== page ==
Phospholipase A2 (PLA2)-catalyzed hydrolysis of membrane phospholipids results in the stoichiometric production of a free fatty acid, most importantly arachidonic acid, and a lysophospholipid. Both of these phospholipid metabolites serve as precursors for inflammatory mediators such as eicosanoids or platelet-activating factor (PAF). Since it was initially discovered that non-steroidal anti-inflammatory drugs inhibit prostaglandin synthesis, a vast amount of drug development has been performed to selectively inhibit the production of the inflammatory metabolites of arachidonic acid while preserving their protective role. This research has culminated in the development of selective cyclooxygenase-2 (COX-2) inhibitors that act on the inducible, inflammatory COX enzyme, but do not affect the constitutive prostaglandin synthesis in cells that is mediated via COX-1. The development of PLA2 inhibitors as potential anti-inflammatory agents has also been extensively pursued since the release of arachidonic acid from membrane phospholipids by PLA2 is one of the rate-limiting factors for eicosanoid production. In addition to the production of eicosanoids, PLA2-catalyzed membrane phospholipid hydrolysis is also the initiating step in the generation of PAF, a potent inflammatory agent. Thus, inhibition of PLA2 activity should, in theory, be a more effective anti-inflammatory approach. However, developing an inhibitor that would be selective for the production of inflammatory metabolites and not inhibit the beneficial properties of PLA2 has so far proved to be elusive. This review will focus on agents used currently to inhibit PLA2 activity and will explore their possible therapeutic use.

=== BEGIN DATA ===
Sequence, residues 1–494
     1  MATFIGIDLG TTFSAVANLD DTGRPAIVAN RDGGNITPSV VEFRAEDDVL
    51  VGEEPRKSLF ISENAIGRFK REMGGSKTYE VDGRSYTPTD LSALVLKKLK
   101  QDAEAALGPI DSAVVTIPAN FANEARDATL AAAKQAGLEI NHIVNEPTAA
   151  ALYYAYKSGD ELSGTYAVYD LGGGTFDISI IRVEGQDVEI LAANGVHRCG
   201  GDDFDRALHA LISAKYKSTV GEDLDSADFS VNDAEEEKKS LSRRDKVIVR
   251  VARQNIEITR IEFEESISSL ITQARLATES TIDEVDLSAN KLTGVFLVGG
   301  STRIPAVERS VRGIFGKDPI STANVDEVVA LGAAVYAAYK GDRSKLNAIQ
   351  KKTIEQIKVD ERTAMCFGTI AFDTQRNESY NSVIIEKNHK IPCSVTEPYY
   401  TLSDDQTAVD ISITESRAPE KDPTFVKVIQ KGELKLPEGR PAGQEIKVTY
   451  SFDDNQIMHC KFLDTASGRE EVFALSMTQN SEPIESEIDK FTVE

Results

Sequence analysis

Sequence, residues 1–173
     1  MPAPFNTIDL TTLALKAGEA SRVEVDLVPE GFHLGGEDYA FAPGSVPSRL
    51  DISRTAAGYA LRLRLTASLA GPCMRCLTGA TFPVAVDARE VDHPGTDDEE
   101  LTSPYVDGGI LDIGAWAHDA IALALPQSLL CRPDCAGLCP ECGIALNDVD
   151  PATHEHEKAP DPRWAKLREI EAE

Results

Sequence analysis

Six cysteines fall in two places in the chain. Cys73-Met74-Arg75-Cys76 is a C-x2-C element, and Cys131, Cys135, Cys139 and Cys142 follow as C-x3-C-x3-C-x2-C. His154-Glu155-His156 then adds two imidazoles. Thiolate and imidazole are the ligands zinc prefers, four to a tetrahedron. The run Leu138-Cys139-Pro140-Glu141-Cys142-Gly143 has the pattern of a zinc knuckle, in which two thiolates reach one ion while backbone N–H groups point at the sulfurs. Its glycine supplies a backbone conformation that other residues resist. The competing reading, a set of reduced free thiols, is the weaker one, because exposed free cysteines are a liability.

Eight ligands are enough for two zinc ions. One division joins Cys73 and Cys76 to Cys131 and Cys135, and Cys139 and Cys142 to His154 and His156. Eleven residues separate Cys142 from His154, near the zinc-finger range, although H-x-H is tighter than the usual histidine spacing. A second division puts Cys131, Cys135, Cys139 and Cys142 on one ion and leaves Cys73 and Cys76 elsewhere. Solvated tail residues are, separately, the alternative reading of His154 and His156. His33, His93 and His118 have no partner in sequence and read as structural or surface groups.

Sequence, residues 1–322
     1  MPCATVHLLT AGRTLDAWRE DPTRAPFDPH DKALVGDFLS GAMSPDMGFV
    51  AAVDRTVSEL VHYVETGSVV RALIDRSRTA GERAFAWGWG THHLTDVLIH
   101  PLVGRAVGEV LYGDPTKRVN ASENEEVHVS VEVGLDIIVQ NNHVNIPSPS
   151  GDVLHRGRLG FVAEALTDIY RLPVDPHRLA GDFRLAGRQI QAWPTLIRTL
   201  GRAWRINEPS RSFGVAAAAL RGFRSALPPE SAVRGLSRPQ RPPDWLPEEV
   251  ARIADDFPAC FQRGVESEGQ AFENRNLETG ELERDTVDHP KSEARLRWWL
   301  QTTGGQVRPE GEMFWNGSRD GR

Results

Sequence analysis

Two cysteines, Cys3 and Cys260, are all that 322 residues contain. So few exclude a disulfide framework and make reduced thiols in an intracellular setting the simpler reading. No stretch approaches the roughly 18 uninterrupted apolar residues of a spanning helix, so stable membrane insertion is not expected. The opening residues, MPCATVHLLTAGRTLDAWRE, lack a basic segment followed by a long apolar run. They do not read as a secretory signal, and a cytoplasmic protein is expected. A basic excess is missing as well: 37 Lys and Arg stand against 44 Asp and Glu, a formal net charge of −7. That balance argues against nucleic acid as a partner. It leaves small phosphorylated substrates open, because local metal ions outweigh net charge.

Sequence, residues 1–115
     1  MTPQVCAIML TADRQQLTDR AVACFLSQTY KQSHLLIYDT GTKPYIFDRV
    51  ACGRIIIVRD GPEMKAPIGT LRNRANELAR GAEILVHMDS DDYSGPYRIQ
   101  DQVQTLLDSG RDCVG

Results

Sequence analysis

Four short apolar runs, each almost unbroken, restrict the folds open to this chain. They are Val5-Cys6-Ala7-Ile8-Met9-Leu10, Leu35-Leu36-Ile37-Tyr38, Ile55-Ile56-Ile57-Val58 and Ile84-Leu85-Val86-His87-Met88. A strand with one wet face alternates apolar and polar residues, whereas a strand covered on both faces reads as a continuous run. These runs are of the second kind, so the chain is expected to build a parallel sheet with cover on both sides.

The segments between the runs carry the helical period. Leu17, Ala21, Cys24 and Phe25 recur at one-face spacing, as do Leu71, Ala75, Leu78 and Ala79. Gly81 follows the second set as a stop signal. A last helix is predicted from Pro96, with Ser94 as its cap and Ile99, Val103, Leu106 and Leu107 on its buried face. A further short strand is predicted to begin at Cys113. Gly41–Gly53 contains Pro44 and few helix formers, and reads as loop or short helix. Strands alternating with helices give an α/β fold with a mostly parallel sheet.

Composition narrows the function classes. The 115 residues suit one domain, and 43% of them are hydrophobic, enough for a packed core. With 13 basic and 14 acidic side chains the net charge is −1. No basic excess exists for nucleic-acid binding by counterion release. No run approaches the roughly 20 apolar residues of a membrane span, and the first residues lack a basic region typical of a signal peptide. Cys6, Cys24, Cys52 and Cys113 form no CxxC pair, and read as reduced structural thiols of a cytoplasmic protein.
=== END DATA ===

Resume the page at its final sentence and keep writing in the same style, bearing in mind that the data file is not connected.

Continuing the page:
Keywords: phospholipids, mammalian membranes, cytosol, arachidonic acid, paf-acetylhydrolases, fluorophosphonates, endothelial cell, cox
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